Susan

says:

Helpful, as always. Thank you!

KJ

says:

This would be SO useful for my 12-year old. Reading is still a struggle for him and he consistently skips over words, instead of trying to sound them out. He also becomes overwhelmed by a full page of text and requires a “reading tracker” to stay on task.

LJH

says:

Thank you so much for this information. A light bulb went off regarding struggles my daughter has.

Esther

says:

Thank you for the informative post. I believe one of my children struggle in this area and am looking forward to working to improve her working memory.

Leah Jager

says:

Such great information! Will definitely be keeping this in mind when we start our next lesson. Thanks so much!

Christin

says:

We found that many of these tips work for us as well… Will try to be more intentional with them!

Jamie

says:

I enjoyed this blog post! Thank you for sharing!

Stephanie Taylor

says:

Thanks!

Stephanie Laughlin

says:

Thanks for all of the hints. my seven year old does a lot of the things in your list. but once he really “hears” something, he never forgets!

Brooke Zimmermann

says:

I have doing a lot of research on this topic for my son who has dyslexia. Thank you for adding this very interesting and helpful information for teaching our children!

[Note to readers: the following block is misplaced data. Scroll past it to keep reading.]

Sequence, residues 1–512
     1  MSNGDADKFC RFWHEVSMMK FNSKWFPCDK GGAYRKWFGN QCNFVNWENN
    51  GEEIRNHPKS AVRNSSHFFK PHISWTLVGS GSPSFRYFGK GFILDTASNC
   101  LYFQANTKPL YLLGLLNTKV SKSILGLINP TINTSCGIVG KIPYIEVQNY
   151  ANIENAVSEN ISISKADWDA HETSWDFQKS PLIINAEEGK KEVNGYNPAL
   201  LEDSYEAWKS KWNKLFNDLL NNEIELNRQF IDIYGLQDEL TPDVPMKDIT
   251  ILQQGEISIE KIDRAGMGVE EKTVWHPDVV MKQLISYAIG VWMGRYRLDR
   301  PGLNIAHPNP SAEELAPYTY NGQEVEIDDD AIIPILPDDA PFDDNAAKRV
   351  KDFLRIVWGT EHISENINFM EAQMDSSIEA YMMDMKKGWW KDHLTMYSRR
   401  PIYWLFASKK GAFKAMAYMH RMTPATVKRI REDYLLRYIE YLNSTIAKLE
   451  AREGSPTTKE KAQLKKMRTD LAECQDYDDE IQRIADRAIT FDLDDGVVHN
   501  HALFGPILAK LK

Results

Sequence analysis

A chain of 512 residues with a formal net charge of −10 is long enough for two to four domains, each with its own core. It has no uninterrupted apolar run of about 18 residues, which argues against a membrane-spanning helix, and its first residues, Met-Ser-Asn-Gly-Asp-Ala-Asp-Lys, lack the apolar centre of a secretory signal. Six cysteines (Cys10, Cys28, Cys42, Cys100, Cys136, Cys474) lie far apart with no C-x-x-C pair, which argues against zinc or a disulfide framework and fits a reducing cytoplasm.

Adrienne

says:

thanks so much Marie! This is really helping my late-blooming 8yo!

Rosemary Gustin

says:

Great tips. I have to remember to only give one or two steps at a time.

Trisha DeLorme

says:

I found this article on working memory to be very informative and helpful in understanding what working memory is. My son is autistic and dyspraxic and a few other learning related issues and he has very poor working memory.

Colleen

says:

Wonderful. Thanks.

Carissa

says:

Great ideas!

M. Jackson

says:

Really great information!

Lisa

says:

Wonderful information !
Especially when working with students with auditory processing issues!
Thank you

Merry at AALP

says:

Yes, sometimes both issues can come into play. You might enjoy the tips in this Auditory Processing article as well: http://blog.allaboutlearningpress.com/auditory-processing-disorder/

Fei Yu

says:

Thank you for the article. I think my son needs to improve his working memory.

Emily

says:

Thanks for the great tips!

Alicia

says:

Great read! Thanks you!

Julie Burke

says:

Thanks! These tips will help my kids learn better.

Jennifer Robinson

says:

This is very valuable information that I will be keeping in mind and utilizing within my school.

Shelli

says:

My son also has trouble remembering some lessons. This is really useful information and explains so much. Can’t wait to read the rest of the articles.

Michelle

says:

Thanks for this great information. My son has had trouble with memory from day to day with certain lessons. I will be looking at the rest of the memory series.

So helpful! Thank you for this!

Jaime

says:

Wow, loved this post! I had never thought about the thought process behind learning to read. Great tips.